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The Kitty and Pat Emery Fund for Nashville, an Unrestricted Fund within The Community Foundation, was established on November 22, 2016. It happened the day after their 19th wedding anniversary and in anticipation of Kitty’s passing as a result of the cancer she has fought and survived for many months!
It stemmed, however, from a happier place, the deep and abiding love Kitty and Pat have had for each other and for their community. The goal of the Fund is to ensure that The Community Foundation has resources to address the needs of the community they chose to call home as those needs emerge and evolve. The Fund will be Nashville-centric but the causes to which the money may be applied are unlimited because Kitty and Pat believe Nashville’s opportunities to be unlimited as well.
A visitation will take place at Woodmont Christian Church, 3601 Hillsboro Road in Nashville, on Tuesday from 4 p.m. until 6 p.m. A service celebration Moon Emery's life will take place at 11 a.m. Wednesday with another visitation preceding the service at 10 a.m.
The Big Payback's 24-hour giving day is back on Wednesday, May 3, and registration is now open for all Middle Tennessee nonprofits, schools, and religious institutions interested in participating this annual giving day.
In its first three years, this 24-hour giving day helped raise more than $6.5 million for area nonprofits. The Big Payback 2017 boasts a brand new software platform, and we welcome our biggest supporters back for a fourth year - helping to make Middle Tennessee's largest day of giving a success.
The Community Foundation of Middle Tennessee has distributed a second round of funding to help in the rebuilding efforts of areas impacted by the wildfires in East Tennessee.
On the heels of an announcement that The Community Foundation partnered with Dollar General to provide $200,000 in gift cards for families receiving assistance from the Dollywood Foundation, the Middle Tennessee nonprofit has granted an additional $100,000 to five organizations located in East Tennessee that are providing services to the medically uninsured, those in need of short-term housing, legal aid, food, and volunteer efforts.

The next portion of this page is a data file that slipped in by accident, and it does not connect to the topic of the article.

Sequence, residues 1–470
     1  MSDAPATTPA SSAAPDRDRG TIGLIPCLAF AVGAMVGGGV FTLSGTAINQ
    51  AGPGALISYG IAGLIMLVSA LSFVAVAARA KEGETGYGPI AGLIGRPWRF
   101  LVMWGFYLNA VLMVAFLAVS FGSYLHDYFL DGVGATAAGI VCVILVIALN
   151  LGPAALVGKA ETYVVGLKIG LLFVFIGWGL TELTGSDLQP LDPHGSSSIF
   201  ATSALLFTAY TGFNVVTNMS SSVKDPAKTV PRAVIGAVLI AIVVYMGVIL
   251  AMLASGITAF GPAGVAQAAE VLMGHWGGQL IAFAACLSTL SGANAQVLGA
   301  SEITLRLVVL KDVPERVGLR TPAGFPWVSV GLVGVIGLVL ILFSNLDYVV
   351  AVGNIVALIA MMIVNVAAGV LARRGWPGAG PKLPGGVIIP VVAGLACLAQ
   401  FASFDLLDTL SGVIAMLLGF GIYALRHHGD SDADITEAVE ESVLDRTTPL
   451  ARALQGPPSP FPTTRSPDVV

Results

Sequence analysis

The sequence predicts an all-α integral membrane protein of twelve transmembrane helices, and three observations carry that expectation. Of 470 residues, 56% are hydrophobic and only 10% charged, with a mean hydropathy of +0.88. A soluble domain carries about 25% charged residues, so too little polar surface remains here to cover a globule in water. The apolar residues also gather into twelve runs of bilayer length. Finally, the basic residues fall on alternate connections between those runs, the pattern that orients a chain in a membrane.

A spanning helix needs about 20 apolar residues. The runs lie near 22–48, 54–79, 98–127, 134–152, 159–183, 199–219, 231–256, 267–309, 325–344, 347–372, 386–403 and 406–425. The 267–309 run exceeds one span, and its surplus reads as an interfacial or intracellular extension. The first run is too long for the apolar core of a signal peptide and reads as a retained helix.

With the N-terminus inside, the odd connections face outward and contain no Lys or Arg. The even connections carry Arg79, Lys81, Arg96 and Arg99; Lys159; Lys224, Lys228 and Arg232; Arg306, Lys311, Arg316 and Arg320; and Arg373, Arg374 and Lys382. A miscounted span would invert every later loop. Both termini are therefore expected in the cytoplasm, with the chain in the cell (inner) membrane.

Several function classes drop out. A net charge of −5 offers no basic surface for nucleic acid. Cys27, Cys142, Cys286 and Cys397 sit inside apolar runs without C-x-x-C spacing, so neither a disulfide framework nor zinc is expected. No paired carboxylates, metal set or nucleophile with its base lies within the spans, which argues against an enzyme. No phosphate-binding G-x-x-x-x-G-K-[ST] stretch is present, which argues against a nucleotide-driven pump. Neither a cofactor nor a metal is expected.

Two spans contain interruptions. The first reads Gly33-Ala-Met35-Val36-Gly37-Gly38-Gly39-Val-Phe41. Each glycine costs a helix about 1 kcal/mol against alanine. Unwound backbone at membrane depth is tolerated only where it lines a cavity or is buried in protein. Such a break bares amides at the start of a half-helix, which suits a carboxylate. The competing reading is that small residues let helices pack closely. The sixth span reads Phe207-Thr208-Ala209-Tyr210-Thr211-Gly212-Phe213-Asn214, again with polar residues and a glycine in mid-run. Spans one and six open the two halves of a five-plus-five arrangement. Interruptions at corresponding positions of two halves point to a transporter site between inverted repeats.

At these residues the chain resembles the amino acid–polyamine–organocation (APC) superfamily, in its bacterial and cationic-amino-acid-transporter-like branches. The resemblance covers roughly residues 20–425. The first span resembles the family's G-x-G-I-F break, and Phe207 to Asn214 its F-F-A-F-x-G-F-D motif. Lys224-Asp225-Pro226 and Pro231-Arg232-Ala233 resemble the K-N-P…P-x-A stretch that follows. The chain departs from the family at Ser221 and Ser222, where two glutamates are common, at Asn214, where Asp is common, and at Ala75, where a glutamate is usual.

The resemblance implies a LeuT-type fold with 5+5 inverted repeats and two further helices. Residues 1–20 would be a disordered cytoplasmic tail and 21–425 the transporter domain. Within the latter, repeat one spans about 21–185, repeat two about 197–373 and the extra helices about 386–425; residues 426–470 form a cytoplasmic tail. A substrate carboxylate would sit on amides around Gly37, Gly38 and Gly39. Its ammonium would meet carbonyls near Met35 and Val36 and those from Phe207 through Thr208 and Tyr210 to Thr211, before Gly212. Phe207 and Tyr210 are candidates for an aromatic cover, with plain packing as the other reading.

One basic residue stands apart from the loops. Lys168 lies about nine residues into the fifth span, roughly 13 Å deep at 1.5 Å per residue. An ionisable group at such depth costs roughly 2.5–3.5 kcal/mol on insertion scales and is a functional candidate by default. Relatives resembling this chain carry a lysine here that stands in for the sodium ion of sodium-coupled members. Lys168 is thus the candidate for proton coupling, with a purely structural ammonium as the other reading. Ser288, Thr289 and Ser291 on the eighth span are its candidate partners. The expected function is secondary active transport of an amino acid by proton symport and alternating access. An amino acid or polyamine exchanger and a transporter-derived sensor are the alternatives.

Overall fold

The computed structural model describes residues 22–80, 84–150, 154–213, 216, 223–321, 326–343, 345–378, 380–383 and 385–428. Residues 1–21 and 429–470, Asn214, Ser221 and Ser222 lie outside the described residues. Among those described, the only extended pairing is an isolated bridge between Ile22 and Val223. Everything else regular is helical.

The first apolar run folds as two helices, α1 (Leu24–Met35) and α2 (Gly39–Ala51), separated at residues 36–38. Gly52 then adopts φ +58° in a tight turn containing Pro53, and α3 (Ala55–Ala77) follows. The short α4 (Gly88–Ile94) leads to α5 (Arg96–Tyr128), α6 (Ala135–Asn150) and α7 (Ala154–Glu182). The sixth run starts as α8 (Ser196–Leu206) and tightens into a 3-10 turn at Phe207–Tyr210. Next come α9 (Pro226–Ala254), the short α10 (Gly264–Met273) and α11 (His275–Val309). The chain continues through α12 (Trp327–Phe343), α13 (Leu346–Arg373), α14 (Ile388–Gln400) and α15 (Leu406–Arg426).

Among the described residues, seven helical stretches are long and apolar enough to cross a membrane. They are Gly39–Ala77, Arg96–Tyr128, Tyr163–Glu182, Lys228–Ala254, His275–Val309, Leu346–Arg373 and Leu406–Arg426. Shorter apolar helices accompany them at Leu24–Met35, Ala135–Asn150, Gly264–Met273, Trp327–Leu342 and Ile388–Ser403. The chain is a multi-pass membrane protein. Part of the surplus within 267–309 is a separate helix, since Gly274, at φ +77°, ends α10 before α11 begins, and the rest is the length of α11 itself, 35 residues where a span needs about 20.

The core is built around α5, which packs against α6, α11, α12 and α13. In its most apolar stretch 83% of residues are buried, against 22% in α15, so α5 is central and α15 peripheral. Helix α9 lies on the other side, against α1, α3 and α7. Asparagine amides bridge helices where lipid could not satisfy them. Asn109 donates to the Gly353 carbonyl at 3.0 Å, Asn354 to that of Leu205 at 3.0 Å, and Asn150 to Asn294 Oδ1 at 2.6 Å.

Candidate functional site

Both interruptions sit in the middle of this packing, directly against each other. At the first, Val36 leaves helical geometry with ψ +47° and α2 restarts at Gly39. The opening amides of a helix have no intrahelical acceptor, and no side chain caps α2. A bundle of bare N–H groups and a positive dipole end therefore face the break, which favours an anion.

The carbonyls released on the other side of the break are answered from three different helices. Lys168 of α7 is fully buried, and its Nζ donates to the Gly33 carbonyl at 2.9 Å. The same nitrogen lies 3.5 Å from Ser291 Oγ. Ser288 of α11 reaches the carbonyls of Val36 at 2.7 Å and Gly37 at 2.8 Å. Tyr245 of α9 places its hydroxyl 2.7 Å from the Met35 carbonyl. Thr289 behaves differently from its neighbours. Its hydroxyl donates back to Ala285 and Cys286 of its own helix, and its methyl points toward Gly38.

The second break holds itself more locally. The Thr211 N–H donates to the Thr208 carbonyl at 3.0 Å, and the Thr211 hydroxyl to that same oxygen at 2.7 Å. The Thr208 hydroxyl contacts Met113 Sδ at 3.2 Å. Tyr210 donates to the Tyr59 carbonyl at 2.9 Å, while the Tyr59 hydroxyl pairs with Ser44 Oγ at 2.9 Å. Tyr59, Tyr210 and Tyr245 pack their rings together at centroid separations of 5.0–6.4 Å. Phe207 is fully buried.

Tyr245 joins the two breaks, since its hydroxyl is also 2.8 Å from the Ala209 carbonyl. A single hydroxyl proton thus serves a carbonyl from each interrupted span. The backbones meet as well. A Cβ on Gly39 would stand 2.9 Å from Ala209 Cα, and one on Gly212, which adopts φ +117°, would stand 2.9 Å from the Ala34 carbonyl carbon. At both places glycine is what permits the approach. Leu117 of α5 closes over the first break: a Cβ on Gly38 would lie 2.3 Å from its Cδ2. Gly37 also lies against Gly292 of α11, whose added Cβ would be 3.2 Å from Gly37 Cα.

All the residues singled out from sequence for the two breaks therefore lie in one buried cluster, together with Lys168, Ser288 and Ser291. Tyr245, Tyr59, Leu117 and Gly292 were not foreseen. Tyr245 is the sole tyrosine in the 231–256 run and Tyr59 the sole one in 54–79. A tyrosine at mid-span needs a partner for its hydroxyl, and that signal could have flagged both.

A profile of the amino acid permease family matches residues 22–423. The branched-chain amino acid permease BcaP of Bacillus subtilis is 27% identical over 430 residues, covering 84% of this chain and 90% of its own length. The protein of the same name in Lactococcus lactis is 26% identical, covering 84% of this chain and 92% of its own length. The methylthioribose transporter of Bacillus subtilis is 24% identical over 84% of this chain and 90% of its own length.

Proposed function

The Community Foundations announces 121 Tennessee nonprofits and governmental organizations as part of a one-time Serving Tennessee’s Seniors grant opportunity.
Funding of Serving Tennessee’s Seniors was provided by the Chancery Court and administered by The Community Foundation through the settlement of a lawsuit initiated by Tennessee Attorney General Bob Cooper against both SeniorTrust and ElderTrust.
“All across Tennessee, each and every day, nonprofits and governmental agencies are working hard to make the path easier for our growing but vulnerable senior population. From Lake County to Bradley County, from Memphis to Elizabethton, we know that the needs of our aging population are often unrecognized or underfunded,” said Ellen Lehman, President of The Community Foundation of Middle Tennessee.
“The Community Foundation of Middle Tennessee has been honored to assist the Chancery Court and the Office of Tennessee’s Attorney General in the distribution of these grants to help strengthen the ability of these recipient organizations as they work to improve the lives of those they serve,” Lehman continued. “The grants we were able to make last for only six months but span a broad range of needs, including: providing nutritious meals to the homebound, providing safe access to senior centers, providing dentures, providing transportation, providing wellness and educational activities, and fixing homes so that residents can age in their own place.”
Outcomes achieved by each grantee will be reported to the Court and available to the public on an interim basis. Final results will be available in July 2017.